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IPFS News Link • Energy

Possibly a Trillion Tons of Mineable Hydrogen

• https://www.nextbigfuture.com, by Brian Wang

They are close to pumping commercial hydrogen from underground mines. If there are huge hydrogen resources that can be mined then it could change the economics of a potential hydrogen economy. Hydrogen is currently produced by using electrolysis to split water or other processes to separate hydrogen from methane. Producing hydrogen is usually quite costly and energy intensive. Mining hydrogen could be far cheaper and there could be a 1000 times more hydrogen available underground than we currently produce.

At USGS (US Geological Survey), Ellis, thinks the Earth produces orders of magnitude more hydrogen each year than the 90 million tons that humans manufacture. But it's not only that flow that matters—it's the size of the underground stock. They used a simple box model borrowed from the oil industry. The model accounted for impermeable rock traps of different kinds, the destructive effect of microbes, and the assumption—based on oil industry experience—that only 10% of hydrogen accumulations might ever be tapped economically. Ellis says the model comes up with a range of numbers centered around a trillion tons of hydrogen. That would satisfy world demand for thousands of years even if the green-energy transition triggers a surge in hydrogen use. Much of this global resource could end up being too scattered to be captured economically, like the millions of tons of gold that are dissolved in the oceans at parts per trillion levels.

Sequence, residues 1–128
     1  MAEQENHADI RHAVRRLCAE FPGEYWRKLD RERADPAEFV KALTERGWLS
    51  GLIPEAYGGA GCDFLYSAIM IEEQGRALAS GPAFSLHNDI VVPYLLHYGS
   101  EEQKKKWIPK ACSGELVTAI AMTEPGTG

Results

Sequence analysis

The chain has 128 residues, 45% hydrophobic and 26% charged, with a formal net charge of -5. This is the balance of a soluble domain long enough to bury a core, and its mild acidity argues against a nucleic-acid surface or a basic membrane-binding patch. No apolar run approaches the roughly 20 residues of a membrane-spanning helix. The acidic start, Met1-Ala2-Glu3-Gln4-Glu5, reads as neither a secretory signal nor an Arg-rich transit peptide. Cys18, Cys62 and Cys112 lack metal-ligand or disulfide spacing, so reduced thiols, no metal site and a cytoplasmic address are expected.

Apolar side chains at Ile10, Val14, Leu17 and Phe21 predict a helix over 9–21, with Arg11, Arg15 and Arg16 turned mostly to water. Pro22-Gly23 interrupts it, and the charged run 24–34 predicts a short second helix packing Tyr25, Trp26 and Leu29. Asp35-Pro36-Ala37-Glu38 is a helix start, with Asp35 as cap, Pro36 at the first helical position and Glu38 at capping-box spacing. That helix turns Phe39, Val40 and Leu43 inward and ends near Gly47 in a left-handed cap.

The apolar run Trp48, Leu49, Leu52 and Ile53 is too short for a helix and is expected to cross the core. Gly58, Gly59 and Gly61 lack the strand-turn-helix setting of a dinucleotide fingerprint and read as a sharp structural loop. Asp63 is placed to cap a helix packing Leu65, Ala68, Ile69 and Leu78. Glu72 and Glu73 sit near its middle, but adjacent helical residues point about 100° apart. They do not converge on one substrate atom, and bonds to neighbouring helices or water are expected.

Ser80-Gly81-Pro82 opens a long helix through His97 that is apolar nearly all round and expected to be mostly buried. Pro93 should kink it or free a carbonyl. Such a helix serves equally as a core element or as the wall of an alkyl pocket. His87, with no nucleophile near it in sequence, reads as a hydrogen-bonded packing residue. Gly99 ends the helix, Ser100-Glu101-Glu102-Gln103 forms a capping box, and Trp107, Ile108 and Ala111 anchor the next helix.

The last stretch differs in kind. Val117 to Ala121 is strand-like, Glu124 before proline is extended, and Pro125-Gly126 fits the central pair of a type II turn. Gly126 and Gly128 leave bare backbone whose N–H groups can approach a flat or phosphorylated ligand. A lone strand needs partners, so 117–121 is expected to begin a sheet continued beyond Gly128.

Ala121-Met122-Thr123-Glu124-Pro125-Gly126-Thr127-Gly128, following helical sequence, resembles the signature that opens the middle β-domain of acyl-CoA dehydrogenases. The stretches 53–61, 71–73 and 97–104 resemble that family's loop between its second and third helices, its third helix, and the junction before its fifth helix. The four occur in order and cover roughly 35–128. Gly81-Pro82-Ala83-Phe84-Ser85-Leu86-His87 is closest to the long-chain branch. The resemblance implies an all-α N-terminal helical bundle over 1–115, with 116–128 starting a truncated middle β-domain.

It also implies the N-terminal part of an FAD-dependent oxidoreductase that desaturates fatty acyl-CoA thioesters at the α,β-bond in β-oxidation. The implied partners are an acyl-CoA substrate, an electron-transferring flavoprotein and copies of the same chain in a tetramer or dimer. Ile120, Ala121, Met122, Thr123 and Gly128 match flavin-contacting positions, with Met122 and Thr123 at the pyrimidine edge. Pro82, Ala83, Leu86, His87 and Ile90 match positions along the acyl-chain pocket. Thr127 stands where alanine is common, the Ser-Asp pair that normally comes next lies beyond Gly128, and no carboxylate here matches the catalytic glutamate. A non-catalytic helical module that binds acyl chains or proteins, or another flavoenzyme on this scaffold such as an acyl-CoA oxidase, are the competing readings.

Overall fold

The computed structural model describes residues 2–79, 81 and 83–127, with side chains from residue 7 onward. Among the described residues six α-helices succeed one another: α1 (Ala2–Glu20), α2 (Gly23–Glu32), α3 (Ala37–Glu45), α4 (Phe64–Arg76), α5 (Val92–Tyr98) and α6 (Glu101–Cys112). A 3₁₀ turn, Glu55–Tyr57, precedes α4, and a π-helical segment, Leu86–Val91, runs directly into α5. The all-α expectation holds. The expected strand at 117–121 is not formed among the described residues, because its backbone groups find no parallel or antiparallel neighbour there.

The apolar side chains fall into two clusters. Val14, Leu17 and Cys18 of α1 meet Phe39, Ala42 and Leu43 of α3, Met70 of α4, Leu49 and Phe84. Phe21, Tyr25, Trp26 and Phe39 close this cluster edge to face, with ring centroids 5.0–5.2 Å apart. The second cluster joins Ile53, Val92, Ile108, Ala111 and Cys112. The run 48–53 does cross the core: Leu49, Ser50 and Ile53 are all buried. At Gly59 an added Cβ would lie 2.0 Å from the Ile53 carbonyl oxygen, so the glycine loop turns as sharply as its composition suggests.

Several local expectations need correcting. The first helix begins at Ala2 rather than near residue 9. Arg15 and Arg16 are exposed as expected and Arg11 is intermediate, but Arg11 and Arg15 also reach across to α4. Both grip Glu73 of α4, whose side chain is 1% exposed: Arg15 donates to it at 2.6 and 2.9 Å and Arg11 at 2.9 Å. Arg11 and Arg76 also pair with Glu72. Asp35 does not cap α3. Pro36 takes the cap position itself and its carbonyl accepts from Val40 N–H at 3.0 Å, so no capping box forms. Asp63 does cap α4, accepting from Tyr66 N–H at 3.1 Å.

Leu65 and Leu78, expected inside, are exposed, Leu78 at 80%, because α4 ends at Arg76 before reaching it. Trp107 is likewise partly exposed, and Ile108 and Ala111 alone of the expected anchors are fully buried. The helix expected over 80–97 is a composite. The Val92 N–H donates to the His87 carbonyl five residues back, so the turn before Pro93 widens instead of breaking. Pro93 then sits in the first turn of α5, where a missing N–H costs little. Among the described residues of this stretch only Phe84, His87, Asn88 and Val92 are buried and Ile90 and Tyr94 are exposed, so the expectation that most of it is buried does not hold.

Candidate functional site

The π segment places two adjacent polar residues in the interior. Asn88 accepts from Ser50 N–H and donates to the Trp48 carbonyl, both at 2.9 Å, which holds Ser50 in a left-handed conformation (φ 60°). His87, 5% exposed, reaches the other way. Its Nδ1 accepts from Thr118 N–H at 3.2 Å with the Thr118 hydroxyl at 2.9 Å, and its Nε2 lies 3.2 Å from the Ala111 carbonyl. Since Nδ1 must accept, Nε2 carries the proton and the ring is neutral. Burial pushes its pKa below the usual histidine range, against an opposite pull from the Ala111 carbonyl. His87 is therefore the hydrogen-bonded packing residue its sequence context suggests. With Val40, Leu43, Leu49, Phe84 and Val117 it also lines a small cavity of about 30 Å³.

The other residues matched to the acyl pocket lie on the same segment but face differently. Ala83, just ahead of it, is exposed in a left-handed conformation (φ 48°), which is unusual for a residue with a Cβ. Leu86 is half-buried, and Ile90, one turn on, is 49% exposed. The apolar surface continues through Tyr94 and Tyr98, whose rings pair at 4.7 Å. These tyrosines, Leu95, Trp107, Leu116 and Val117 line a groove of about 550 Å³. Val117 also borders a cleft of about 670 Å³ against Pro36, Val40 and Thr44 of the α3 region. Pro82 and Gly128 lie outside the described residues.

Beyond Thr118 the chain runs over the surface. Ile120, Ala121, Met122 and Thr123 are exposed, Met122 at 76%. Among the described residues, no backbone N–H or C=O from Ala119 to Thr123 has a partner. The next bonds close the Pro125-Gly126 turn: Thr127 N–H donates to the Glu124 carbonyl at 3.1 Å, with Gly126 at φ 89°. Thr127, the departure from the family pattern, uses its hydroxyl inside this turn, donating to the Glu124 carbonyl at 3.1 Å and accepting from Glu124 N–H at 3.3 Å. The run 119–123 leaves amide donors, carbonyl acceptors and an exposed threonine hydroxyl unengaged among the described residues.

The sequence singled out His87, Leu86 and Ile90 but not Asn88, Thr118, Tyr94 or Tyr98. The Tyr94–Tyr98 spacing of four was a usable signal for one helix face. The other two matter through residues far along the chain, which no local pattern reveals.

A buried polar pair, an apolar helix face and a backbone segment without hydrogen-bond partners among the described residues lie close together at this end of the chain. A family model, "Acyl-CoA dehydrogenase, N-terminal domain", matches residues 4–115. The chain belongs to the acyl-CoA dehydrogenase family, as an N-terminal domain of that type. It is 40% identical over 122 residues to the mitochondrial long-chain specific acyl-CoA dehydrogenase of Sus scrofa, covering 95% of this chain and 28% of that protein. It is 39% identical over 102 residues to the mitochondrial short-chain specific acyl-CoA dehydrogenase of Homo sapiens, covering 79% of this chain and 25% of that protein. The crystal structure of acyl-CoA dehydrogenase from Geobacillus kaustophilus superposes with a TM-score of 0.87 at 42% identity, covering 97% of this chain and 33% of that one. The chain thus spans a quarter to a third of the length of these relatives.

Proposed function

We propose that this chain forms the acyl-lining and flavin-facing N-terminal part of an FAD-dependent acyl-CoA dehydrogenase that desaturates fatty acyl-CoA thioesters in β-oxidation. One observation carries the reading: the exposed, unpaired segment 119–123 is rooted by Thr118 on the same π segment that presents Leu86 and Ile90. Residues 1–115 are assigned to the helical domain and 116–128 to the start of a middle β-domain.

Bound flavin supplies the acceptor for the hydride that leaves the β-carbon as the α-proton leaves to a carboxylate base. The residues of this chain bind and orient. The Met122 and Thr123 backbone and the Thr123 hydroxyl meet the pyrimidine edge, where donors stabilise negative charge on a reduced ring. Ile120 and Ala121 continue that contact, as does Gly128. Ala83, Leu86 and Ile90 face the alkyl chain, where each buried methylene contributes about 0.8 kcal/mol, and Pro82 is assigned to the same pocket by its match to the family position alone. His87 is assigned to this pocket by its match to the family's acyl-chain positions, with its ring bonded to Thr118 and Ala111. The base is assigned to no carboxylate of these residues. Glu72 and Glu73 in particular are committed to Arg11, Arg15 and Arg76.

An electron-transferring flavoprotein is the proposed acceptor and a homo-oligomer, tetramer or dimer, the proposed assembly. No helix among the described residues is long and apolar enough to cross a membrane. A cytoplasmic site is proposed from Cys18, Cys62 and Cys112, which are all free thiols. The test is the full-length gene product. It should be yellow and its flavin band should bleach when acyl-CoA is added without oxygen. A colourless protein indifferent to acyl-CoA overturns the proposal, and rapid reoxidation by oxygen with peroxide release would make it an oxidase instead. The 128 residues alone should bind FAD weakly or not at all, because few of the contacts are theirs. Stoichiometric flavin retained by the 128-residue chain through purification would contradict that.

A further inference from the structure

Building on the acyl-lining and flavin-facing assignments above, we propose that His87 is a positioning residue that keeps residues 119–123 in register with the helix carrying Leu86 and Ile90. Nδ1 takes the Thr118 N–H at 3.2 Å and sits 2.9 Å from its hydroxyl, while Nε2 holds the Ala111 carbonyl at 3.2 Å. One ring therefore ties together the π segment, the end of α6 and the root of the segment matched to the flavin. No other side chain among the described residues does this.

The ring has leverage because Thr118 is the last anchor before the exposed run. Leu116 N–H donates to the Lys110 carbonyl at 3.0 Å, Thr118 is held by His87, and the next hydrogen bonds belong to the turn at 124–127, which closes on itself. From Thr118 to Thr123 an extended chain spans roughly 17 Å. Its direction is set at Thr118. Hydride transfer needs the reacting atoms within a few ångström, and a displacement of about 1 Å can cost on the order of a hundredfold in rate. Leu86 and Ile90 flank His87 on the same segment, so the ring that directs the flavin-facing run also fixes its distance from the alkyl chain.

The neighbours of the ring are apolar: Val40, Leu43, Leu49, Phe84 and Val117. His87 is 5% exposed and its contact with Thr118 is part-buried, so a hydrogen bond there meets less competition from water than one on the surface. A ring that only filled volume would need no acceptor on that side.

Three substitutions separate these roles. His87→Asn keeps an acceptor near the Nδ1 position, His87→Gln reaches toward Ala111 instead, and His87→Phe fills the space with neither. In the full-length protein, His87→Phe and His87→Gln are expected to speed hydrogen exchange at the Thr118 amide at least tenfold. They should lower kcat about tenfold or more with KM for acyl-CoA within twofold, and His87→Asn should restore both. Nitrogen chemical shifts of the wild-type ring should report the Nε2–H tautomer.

In November 2020, Luke Titus found an obscure 1944 report: Bulletin Number 22 from the Department of Mines of the Geological Survey of South Australia. It contained an analysis of data from farmers who had banded together to search for oil, using divining rods and other questionable techniques. Titus, co-founder of a company called Gold Hydrogen, saw the data from one borehole, drilled in 1921 on Kangaroo Island. It had produced as much as 80% hydrogen. Another well, on the nearby Yorke Peninsula, was close to 70%.